Partial Knee Resurfacing

Annual Bone & Joint Section

Bones and joints are easily taken for granted, but they’re absolutely vital to our health and day-to-day activities. In the following section, learn how to keep your bones and joints healthy so that you can keep an active lifestyle for many more years to come.

By Anna Hill


This innovative approach offers several benefits for those suffering from joint pain. 


Who’s a Good Candidate?

There are three primary compartments to your knee, and two of them are weight-bearing. Partial knee resurfacing is a procedure that’s ideal for someone who has been diagnosed with arthritis in one of those weight-bearing compartments and hasn’t found nonsurgical treatments, such as medication, to be sufficient when it comes to restored mobility and pain relief. Most patients who are a good candidate for this procedure often experience pain on one side of their knee while exerting themselves, but not necessarily while at rest. 


Partial Knee Resurfacing vs. Total Knee Resurfacing

Total knee resurfacing – also known as knee replacement – differs greatly from partial knee resurfacing in both recovery time and the procedure itself. When a knee is replaced, the quadriceps muscle is cut, and all parts of the knee joint are then resurfaced with metal and plastic components. However, during a partial knee resurfacing procedure, only one element of the knee joint is resurfaced, which results in a more natural and flexible feel thanks to the fact that the other, still well-functioning compartments of your knee are left in place. Furthermore, the procedure for partial resurfacing is less invasive, which can lead to less pain and swelling, a shorter hospitalization, and a quicker recovery time.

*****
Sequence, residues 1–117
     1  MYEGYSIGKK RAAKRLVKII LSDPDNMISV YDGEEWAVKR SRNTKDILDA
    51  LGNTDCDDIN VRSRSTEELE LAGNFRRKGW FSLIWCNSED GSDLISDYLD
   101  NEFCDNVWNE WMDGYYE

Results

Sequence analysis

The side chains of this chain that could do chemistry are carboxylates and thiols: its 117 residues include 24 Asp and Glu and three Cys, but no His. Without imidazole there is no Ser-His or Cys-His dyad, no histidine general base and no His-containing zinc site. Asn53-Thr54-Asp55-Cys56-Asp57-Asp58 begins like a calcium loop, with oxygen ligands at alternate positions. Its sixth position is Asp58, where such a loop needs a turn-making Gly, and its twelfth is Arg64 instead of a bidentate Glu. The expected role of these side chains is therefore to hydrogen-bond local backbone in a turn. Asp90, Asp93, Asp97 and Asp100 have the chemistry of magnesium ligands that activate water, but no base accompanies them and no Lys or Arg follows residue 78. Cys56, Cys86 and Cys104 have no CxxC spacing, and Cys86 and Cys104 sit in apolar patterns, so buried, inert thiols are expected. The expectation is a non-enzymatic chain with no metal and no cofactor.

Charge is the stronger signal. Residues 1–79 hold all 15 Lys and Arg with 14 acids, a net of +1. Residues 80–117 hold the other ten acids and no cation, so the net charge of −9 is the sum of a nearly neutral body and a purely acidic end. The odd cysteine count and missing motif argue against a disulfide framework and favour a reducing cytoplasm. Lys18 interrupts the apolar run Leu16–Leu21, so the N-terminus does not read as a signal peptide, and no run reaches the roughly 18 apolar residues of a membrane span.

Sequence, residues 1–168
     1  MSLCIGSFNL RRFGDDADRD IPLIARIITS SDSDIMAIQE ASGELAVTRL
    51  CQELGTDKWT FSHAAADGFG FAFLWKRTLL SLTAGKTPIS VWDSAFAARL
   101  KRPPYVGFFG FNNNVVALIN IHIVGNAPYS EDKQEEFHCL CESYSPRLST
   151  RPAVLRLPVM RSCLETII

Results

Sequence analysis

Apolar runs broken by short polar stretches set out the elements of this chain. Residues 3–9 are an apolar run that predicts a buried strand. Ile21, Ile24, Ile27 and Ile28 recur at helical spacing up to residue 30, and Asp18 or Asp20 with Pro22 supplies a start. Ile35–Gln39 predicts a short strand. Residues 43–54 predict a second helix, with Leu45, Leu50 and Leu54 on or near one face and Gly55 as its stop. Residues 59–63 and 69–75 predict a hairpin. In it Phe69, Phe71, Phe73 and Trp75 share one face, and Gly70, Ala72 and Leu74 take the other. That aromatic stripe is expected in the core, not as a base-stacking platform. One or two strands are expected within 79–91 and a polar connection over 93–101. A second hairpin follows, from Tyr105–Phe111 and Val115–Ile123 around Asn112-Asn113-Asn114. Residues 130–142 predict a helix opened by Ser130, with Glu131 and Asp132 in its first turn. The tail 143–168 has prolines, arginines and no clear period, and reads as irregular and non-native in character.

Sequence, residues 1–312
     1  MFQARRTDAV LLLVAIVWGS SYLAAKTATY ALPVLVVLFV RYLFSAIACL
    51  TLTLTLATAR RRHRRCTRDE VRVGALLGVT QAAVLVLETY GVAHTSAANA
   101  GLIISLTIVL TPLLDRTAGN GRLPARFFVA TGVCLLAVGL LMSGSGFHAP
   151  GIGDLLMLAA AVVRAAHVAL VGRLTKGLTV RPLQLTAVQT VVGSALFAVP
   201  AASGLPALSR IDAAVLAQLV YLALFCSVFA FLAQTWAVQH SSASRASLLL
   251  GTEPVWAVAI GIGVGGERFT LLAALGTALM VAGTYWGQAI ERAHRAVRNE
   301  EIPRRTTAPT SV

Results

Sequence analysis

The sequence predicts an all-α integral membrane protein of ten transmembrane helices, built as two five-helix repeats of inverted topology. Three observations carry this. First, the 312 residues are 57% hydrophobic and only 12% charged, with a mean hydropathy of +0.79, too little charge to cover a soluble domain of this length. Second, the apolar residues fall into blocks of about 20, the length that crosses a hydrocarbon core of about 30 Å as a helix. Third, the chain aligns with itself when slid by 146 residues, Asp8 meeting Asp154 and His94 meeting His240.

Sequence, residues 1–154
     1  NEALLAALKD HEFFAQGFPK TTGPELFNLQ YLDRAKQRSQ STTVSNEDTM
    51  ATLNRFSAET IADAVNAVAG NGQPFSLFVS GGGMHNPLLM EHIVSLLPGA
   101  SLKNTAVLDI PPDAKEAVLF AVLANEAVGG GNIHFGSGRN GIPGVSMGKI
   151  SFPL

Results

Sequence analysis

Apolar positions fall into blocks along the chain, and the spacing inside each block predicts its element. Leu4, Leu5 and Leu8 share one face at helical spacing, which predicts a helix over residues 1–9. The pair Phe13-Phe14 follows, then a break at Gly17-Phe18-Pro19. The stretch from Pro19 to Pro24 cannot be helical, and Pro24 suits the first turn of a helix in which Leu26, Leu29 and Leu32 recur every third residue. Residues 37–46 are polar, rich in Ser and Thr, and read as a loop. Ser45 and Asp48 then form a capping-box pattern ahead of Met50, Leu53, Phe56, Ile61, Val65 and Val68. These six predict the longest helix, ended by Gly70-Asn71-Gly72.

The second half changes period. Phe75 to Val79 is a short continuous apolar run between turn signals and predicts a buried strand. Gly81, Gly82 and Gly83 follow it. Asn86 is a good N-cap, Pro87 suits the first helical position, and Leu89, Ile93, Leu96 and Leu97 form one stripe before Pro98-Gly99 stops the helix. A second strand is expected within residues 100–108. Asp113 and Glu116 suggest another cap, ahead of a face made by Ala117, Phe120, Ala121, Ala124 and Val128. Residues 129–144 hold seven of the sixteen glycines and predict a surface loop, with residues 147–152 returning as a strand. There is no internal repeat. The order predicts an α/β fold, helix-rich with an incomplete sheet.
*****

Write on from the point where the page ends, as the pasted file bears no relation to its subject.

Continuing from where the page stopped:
Recent Advancements 

Previously, partial knee resurfacing experienced limited popularity due to the fact that the incision size and recovery time weren’t any different from that of a total knee replacement procedure, therefore giving little incentive to choose a partial resurfacing over a full resurfacing. Fortunately, the procedure has undergone advancements in recent years and has been much improved by the Repicci method, which does not require the cutting of muscle and uses a smaller incision. The implants used in the procedure have also improved, which results in a reduced need for bone removal as well as a faster recovery. 



Partial knee resurfacing can usually be done in an outpatient setting, which means patients often don’t need to stay at the hospital longer than one night. Formal physical therapy is rarely needed as part of the recovery process, and most patients are able to return to daily activities without assistance within one to two weeks post-op. Of course, this may vary depending on each individual patient’s needs. HS

Dr. Martin Redish quote about partial knee resurfacing

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